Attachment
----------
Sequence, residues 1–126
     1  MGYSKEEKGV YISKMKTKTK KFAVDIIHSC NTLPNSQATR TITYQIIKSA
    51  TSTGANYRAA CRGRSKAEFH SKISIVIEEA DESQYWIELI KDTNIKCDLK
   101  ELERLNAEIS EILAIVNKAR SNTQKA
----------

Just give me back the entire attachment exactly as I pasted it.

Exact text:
Sequence, residues 1–126
     1  MGYSKEEKGV YISKMKTKTK KFAVDIIHSC NTLPNSQATR TITYQIIKSA
    51  TSTGANYRAA CRGRSKAEFH SKISIVIEEA DESQYWIELI KDTNIKCDLK
   101  ELERLNAEIS EILAIVNKAR SNTQKA